Once fully commissioned, all lines operate from 04.30 (Sundays/holidays: 05.30) to 00.30. Lowest line frequency is 15min, with a standard frequency of 5–6min between 6:30am and 8pm, this halving in a large central area where two routes share all double track alignments.
Strasbourg’s tram and bus networks are run by Transdev, a 12.5% shareholder of CTS. As the tram system has grown, bus services have been revised for their feeder role and the two modes share a common ticketing system and are jointly promoted by CTS in terms of their coverage.
Apparent with the first openings in the city centre, the network continues to be characterised by extensive reworking of space as it has extended in the suburbs and into other communities. The majority of the Strasbourg tram system runs on reserved trackbed, which varies between paved surfaces and neatly cut grass.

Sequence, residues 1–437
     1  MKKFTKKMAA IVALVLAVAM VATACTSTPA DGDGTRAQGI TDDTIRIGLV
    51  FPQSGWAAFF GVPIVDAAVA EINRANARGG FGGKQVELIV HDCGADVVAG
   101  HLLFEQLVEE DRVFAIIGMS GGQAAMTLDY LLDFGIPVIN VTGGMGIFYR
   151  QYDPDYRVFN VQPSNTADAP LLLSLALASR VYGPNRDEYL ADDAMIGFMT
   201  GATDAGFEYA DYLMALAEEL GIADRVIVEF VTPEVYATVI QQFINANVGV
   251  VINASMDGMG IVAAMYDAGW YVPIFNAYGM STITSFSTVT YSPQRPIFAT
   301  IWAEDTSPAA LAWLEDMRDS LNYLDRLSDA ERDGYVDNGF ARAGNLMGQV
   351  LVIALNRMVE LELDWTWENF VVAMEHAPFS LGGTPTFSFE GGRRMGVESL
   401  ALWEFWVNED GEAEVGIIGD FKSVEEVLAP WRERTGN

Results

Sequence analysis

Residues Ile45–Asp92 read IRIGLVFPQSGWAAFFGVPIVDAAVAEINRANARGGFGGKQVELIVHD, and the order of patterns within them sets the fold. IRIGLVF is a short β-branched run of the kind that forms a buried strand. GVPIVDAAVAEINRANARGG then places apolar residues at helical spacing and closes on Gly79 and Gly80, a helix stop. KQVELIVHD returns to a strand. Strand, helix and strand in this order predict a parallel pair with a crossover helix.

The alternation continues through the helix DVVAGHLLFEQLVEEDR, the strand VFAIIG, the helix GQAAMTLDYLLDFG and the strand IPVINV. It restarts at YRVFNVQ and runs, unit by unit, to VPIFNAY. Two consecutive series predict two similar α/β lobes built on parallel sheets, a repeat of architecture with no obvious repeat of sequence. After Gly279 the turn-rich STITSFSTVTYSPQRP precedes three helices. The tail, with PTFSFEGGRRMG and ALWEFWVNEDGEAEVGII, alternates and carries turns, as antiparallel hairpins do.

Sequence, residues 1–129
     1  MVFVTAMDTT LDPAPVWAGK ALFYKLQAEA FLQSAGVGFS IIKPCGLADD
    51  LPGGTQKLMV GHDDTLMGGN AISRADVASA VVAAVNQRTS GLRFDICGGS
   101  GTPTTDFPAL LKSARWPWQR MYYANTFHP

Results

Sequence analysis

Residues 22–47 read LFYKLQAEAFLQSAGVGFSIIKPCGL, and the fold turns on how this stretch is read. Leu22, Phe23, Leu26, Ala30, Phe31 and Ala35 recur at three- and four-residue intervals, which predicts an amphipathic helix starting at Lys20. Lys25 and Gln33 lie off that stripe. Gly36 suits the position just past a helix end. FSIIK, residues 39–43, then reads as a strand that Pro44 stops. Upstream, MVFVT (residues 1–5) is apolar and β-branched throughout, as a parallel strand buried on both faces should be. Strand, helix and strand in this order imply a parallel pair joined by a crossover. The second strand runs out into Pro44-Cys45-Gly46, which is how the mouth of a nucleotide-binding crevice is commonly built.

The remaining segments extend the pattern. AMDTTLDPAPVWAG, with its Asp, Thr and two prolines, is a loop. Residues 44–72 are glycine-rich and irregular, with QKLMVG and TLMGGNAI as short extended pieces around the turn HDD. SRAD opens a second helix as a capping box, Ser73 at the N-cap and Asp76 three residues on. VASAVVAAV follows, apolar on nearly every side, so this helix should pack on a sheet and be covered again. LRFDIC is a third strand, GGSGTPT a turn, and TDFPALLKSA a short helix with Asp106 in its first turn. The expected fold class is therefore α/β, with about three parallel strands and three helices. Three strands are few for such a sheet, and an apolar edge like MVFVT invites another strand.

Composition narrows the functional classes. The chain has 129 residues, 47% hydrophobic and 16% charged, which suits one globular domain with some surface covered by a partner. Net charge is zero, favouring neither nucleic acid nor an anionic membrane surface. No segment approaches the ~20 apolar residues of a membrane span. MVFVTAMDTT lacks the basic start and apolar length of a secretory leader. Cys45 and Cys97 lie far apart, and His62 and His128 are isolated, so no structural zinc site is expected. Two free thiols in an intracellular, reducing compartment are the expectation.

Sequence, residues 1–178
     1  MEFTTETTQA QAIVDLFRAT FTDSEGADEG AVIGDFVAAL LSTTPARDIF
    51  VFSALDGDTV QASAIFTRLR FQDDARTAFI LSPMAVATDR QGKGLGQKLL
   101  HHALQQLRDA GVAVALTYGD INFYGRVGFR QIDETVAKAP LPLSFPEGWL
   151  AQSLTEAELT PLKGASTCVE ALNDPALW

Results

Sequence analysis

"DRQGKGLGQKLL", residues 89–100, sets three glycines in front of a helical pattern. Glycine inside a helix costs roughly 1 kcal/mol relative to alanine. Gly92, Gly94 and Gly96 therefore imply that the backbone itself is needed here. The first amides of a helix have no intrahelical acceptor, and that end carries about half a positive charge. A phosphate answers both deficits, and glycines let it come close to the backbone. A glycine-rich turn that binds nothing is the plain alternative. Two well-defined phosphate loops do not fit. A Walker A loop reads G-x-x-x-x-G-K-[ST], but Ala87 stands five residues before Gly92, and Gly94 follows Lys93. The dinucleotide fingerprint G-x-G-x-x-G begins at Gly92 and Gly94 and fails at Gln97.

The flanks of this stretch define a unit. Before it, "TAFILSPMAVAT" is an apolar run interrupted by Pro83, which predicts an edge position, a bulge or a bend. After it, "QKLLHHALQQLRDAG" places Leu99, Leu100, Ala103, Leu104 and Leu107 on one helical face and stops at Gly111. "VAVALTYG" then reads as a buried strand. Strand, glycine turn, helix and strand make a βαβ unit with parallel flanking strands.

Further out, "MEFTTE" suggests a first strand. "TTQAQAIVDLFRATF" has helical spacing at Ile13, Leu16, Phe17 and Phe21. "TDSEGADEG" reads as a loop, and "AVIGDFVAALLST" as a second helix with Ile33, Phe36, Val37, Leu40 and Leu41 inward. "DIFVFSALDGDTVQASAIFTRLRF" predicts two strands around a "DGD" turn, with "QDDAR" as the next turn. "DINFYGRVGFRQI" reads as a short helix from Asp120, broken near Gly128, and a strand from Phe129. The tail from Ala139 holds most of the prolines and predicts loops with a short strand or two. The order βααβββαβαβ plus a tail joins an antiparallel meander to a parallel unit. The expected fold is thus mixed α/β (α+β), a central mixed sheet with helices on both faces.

There is an overhead power supply at 750V DC. The 1,435mm gauge lines use steel rails held apart by steel tie-bars. The majority of the tram stops, apart from Gare Centrale, are simple waiting shelters with real-time digital information displays.
Costing €397.52m, the 2007–08 extension programme will add 22 stations and bring the total length of the system to 53.7km (33.5 miles). The programme has involved extending Line B by 5km with seven stops from Elsau to Ostwald Hôtel de Ville and Line C by 5km with eight stops from Esplanade to Neuhof Rodolfe Reuss.
The shortest line at 5.5km, D, increased by 1.8km with three new stops from Etoile-Polygone to a new terminus at Aristide Briand.
Part of the 2007–08 expansion programme and mainly using tracks of existing routes, Line E opened in two phases, the second in November 2007.
With a new 2km section between Wacken and the Robertsau Boecklin terminus to serve the cluster of European Community establishments in the north-east of the city, Line E is also notable as being the first not to pass through the system’s principal interchange at Homme de Fer.